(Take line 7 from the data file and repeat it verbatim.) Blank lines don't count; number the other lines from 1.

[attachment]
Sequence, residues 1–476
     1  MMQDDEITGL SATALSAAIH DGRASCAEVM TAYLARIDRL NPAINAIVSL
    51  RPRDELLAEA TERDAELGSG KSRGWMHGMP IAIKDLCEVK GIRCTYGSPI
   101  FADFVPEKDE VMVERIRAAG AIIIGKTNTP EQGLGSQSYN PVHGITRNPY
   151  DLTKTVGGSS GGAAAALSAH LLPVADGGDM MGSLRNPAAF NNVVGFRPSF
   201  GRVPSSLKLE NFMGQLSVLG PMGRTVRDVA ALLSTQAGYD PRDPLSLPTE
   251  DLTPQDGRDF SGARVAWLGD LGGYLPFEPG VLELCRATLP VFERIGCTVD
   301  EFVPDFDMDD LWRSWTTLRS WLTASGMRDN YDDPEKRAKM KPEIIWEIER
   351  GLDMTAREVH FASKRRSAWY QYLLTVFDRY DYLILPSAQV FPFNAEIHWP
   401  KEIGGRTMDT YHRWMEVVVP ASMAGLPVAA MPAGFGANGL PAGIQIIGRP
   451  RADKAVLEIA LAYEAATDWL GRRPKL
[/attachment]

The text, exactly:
   251  DLTPQDGRDF SGARVAWLGD LGGYLPFEPG VLELCRATLP VFERIGCTVD